Denmark, Finland and New Zealand tied for the first place in Transparency International’s 2012 index of the least corrupt countries.
Transparency International ranks countries on a scale from 0 (perceived to be highly corrupt) to 100 (perceived to be very clean). Lawless Somalia, North Korea and Afghanistan remain rooted to the foot of the table in the Corruption Perceptions Index.
The 2012 index ranks 176 countries by their perceived levels of public sector corruption. The index assigns scores of between one and 100, 1 being highly corrupt and 100 clean.
Nations hardest hit by the eurozone debt crisis are being held back by an inability to get to grips with corruption, anti-graft watchdog Transparency International (TI) said on Wednesday.
Publishing its annual Corruption Perceptions Index, the Berlin-based body ranked Greece and Italy at places 94 and 72 respectively, out of 176 countries, and called for Europe to make tackling corruption a top priority in its battle against the crisis.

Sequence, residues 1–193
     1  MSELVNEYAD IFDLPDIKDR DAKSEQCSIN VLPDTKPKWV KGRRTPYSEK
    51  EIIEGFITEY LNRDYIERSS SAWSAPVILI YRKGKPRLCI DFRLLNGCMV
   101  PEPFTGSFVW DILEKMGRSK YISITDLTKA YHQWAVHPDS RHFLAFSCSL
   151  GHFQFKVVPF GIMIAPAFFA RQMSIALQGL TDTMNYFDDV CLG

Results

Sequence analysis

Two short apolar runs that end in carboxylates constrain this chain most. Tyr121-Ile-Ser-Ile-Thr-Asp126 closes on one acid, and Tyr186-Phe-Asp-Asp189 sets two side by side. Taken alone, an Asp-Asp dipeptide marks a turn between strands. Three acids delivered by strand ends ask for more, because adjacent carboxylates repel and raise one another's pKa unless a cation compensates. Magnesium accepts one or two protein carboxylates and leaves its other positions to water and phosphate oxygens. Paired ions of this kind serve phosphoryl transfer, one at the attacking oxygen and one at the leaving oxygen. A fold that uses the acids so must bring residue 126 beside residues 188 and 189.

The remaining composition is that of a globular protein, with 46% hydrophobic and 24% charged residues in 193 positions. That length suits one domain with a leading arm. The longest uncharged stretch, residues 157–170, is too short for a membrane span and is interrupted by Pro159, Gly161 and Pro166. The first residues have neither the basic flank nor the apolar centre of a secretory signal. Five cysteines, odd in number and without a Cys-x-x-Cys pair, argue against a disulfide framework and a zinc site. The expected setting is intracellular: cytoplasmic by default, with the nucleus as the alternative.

Perceived corruption in both countries appeared to have worsened. In last year’s index, debt-ravaged Greece was ranked 80th and Italy 69th.
“Underperformers in the Corruption Perceptions Index 2012 also include the eurozone countries most affected by the financial and economic crisis,” TI noted.
It appealed to Europe’s policymakers to “address corruption risks in the public sector to tackle the financial crisis” and for “strengthened efforts to corruption-proof institutions.”
Top of the class this year were Denmark, Finland and New Zealand, each with a score of 90 due to a “strong access to information systems and rules governing the behaviour of those in public positions.”
Lawless Somalia, North Korea and Afghanistan remain rooted to the foot of the table, each scoring eight points despite efforts to tackle rampant corruption in Kabul.
The following is a list of the top and bottom-ranked nations on corruption watchdog Transparency International’s annual Corruption Perceptions Index, released on Wednesday.
The index score relates to perceptions of the degree of corruption as seen by business people and country analysts and ranges between zero, which is highly corrupt, and 100, which is very clean.